Dealing with Theft of Documents: Deeds, Business Records, Client Work Products and More

Document theft can be worse than cash theft. Why? There’s a lot more risk involved and potential long-term consequences. In short, it’s messy. If you experience deed theft, your entire property and financial portfolio could be negatively impacted. Use the following quick guide to deed theft to educate yourself about this type of scam and learn how to avoid it.

What is document theft?

Document theft involves forging deeds, business records or client work products for financial gain. The criminals don’t usually physically steal anything. Instead, they forge documents that allow them to “sell” a property or take out a loan against it.

When criminals get their hands on your business records of client work products, a similar scenario occurs. This act is a type of business identity theft, in that the criminals pretend to have legitimate access to documentation but are actually stealing the information to commit fraud.

How can document theft occur?

There are several scams that thieves can attempt in an effort to commit document theft:

  • Refinancing: If a criminal commits deed theft, they may refinance the mortgage on a property. They will simply cash out any equity built up in the property and run off with the funds. The new mortgage will remain unpaid, which results in possible foreclosure, which the true owner is now responsible for.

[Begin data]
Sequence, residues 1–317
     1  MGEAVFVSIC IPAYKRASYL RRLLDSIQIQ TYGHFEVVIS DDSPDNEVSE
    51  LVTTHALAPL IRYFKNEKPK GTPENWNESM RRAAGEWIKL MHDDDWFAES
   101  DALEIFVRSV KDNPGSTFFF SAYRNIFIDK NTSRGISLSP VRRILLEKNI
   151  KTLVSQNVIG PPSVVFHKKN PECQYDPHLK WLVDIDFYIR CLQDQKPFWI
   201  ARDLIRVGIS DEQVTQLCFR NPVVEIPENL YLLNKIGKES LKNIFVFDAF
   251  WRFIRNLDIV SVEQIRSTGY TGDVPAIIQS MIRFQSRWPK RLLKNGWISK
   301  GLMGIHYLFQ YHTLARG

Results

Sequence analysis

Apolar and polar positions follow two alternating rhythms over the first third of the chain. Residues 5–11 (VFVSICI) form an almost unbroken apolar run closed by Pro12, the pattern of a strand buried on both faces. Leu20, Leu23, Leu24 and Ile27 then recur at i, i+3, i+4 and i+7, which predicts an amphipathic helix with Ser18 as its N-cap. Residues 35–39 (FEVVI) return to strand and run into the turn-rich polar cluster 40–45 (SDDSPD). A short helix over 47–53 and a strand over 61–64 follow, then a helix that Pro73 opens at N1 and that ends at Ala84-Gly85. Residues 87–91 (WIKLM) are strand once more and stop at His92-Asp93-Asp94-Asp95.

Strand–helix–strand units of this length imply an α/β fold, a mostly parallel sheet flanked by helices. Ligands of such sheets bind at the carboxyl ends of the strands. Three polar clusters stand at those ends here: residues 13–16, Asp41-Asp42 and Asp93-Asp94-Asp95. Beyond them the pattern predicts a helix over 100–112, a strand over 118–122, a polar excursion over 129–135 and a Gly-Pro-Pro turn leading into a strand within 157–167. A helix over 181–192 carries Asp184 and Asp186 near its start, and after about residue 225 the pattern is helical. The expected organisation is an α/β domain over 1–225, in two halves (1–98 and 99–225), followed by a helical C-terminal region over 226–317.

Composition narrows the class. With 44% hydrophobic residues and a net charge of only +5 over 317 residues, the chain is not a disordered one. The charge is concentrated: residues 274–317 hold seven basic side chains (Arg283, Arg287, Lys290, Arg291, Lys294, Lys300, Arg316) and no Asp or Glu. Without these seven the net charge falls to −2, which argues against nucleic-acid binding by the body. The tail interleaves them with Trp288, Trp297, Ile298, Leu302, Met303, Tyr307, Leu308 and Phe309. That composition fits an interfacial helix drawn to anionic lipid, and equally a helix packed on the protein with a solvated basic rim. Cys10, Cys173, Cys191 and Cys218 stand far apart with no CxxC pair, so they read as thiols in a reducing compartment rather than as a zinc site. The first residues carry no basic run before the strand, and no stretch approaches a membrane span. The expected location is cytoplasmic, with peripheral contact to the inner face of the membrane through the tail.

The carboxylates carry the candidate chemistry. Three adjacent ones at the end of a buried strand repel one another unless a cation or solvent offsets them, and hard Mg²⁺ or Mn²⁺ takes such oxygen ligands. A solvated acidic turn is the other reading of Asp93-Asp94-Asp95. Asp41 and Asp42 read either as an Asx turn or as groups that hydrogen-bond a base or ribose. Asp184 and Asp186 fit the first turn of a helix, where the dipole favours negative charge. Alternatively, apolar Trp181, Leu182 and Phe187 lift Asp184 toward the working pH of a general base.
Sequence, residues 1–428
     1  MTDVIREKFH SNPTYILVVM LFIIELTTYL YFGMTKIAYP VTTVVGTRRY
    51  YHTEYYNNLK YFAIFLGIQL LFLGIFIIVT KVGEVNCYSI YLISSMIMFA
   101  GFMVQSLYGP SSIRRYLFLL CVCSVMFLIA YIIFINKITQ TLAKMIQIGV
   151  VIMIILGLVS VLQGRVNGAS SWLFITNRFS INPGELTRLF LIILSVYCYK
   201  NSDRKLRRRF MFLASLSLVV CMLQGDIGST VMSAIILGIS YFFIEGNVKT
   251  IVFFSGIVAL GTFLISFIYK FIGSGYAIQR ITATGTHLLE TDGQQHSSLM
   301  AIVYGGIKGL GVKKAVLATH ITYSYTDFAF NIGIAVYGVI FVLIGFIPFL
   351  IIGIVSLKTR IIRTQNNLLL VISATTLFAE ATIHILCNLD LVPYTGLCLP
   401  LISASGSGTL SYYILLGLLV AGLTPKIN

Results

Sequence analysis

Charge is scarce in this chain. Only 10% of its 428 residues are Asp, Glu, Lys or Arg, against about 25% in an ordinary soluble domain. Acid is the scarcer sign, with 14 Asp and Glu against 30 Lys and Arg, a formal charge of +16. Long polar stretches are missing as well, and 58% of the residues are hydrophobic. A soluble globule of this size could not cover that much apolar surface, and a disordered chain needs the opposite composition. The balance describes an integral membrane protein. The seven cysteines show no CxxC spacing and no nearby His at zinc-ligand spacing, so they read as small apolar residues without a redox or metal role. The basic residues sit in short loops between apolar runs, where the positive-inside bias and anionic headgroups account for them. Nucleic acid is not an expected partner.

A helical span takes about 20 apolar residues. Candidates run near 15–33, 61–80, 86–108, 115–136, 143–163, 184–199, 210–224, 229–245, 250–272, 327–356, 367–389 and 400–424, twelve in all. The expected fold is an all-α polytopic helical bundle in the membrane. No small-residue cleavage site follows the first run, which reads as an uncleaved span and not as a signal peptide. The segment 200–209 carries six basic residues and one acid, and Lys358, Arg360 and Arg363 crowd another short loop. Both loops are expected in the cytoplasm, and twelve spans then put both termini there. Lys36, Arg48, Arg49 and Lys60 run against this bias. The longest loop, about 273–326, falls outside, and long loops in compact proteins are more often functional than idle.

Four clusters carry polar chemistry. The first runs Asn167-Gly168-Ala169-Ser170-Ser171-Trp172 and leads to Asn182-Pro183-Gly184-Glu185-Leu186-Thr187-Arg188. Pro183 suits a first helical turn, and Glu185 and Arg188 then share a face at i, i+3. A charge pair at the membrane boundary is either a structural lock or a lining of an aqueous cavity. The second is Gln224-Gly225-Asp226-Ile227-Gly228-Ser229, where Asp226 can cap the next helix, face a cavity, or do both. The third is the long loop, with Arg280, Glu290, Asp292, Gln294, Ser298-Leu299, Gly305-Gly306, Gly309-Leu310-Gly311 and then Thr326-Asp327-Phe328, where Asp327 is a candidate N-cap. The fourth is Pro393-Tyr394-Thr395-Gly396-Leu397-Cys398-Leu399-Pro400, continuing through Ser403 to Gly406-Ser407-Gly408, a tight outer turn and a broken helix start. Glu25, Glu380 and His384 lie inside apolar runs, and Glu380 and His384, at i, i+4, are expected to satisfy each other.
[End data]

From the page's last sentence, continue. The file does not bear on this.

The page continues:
• HELOC: Deed theft can also allow criminals to open a home equity line of credit (HELOC). This is another method to get their hands on the equity of the home. Again, they walk away with the cash and never repay the loan.
  • Vacant property: Unoccupied homes or rental properties are often targeted by deed theft. The criminals forge the deed and “sell” the home that they have no legitimate claim to, unbeknownst to the true owner (and the buyer).
  • Crisis sale: Criminals may commit document theft to scam property owners who are in distress. The owners believe they are simply refinancing the property to relieve financial pressure, but the criminal writes up the documentation as a sale and transfers ownership of the property to himself.

How can you protect yourself from document theft?

Thankfully, there are some steps you can take to protect yourself and your property:

  • Watch for missing documents: If you suddenly stop receiving normal bills for the property, this is a red flag that you may be the victim of document theft. Criminals may be receiving your bills instead, as part of a deed theft scam.
  • Watch your credit report: Request a copy of your credit report from the three credit reporting companies. Look over your report regularly to identify any unapproved transactions or accounts.
  • Watch your title: Always have title insurance in place to protect against deed theft. You may want to consider enrolling in title protection services to further increase your coverage.

Protect your documents

If you’re concerned about document theft, contact the team at Medina & Company Consulting. Our forensic accounting firm specializes in assisting companies, corporations and individuals with matters involving exposure both big and small. Contact us today at 650-697-3900 to discover how we can help you recover from document theft.